Now, I don’t mean to belittle all the poor souls who are allegedly seriously seeking answers from MyStudentBody.com. Some of the questions are entirely valid, such as “Where can I go if I think I have a problem?” and “What are the signs that someone is becoming an alcoholic?” Of course, the validity of these very serious questions is dampened somewhat by the ridiculousness of the answers they receive. According to the experts, the students wondering where to go with their problems should probably try using the counseling resources available on their college campus. And the person wondering about signs of substance problems need only check to see if the person drinks more than they intend to, and has trouble cutting back on their boozing.

I’m sorry, but last time I checked, this year’s crop of incoming UCSB freshmen had an average high school GPA of 3.71 and an average SAT score of 1756 out of a possible 2400. Not too shabby. And certainly not so stupid that they couldn’t figure out that the best place to go for help would be the counseling center and the best way to tell if someone has a substance abuse problem is when they can’t stop using said substance. If MyStudentBody.comis providing anything of substance it’s the site’s production values - the graphics, sound effects and usability are all superlative, even if the information is simple and superfluous. My eleven year-old brother could probably recite most of what MyStudentBody.com is preaching, and he’s only got a few weeks of fifth-grade-level health class under his belt.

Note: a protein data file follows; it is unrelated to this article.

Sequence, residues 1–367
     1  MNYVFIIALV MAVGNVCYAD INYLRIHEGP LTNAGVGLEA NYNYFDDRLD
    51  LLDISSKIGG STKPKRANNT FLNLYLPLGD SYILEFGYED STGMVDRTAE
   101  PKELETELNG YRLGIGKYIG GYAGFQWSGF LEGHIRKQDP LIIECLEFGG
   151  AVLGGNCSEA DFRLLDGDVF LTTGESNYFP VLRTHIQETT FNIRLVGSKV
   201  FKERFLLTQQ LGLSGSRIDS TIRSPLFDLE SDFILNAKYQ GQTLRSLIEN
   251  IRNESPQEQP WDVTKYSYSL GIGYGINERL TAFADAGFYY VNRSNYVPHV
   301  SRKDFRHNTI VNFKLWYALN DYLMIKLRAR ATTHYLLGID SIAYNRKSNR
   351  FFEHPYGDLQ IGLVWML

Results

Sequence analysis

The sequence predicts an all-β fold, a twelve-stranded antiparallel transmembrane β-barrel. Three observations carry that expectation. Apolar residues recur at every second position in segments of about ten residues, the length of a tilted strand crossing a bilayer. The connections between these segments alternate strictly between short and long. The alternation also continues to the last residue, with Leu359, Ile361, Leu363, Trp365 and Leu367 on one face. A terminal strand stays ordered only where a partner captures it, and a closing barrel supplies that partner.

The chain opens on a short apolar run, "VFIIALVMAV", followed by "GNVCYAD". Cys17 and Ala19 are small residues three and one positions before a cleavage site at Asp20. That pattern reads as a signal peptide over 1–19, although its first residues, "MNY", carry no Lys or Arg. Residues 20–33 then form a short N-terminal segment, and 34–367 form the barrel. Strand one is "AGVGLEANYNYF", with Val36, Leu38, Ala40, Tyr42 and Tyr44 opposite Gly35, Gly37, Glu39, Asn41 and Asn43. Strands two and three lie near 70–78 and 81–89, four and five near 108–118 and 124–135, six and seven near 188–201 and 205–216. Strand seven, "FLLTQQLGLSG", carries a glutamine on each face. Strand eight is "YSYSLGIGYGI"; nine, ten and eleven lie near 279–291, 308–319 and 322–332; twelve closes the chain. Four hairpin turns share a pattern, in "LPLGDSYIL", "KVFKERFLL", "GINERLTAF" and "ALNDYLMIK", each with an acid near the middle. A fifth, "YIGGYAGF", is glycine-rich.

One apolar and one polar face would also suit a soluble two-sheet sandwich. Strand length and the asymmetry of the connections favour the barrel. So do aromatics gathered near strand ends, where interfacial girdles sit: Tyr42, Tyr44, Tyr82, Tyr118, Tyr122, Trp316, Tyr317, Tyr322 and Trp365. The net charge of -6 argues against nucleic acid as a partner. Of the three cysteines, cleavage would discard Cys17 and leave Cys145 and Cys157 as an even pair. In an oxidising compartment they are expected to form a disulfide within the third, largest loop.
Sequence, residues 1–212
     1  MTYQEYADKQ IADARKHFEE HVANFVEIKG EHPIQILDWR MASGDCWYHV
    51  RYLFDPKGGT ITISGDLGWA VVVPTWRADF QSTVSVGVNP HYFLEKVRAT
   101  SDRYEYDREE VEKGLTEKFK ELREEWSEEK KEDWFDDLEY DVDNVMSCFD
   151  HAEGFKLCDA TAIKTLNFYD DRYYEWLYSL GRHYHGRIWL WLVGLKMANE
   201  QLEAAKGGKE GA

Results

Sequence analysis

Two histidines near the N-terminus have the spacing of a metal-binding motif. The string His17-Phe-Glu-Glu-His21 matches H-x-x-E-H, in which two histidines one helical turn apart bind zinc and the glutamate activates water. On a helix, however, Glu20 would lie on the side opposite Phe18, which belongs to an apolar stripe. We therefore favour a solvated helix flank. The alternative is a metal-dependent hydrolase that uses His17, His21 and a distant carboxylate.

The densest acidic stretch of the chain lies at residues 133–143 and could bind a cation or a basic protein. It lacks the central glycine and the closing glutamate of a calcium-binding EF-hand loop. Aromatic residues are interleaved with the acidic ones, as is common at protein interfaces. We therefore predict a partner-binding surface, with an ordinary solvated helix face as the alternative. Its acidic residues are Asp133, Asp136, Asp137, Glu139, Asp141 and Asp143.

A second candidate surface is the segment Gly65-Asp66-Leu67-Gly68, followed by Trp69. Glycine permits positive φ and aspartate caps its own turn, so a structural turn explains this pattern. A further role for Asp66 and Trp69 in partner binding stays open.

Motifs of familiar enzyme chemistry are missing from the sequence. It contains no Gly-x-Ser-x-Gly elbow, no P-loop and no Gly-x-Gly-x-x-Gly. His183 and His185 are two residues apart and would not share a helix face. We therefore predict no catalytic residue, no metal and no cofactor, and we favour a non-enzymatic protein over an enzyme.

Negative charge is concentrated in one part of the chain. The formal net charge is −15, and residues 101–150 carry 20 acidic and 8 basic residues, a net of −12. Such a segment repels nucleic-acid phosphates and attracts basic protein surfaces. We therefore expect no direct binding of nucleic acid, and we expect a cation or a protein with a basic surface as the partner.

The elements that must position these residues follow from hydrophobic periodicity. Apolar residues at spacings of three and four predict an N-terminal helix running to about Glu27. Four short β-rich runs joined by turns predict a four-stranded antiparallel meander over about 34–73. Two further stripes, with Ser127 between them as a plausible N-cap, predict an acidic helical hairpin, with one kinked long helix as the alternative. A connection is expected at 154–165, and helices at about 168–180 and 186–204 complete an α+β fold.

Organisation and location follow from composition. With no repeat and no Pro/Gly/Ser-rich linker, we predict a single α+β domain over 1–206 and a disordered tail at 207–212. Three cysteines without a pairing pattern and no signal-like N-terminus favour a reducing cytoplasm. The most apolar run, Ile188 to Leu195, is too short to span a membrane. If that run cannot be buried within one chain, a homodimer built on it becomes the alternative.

Presumably, by the time someone gets into a top-notch college like UCSB, they’ve surpassed the elementary health education level and could probably figure out that the best place to find counseling is at the - gasp! - counseling center.

I understand the university is just trying its darndest to make sure that all those cute little new freshmen make it through their college careers with their health - and the university’s reputation - relatively unscathed. And, I understand that the administration is at a loss as to how to effectively curb the campus’s reputation for revelry. But, requiring students to submit their personal information to a for-profit website with the ambiguous - at best - motivations of a big corporation behind it and useless-if-not-incredibly-insulting “information” at its core is not the way to do it. Not to mention the fact that this sets a dangerous precedent, making UCSB students’ ability to register for classes conditional on their participation in a corporate-run website, or their participation in a non-school-related entity at all.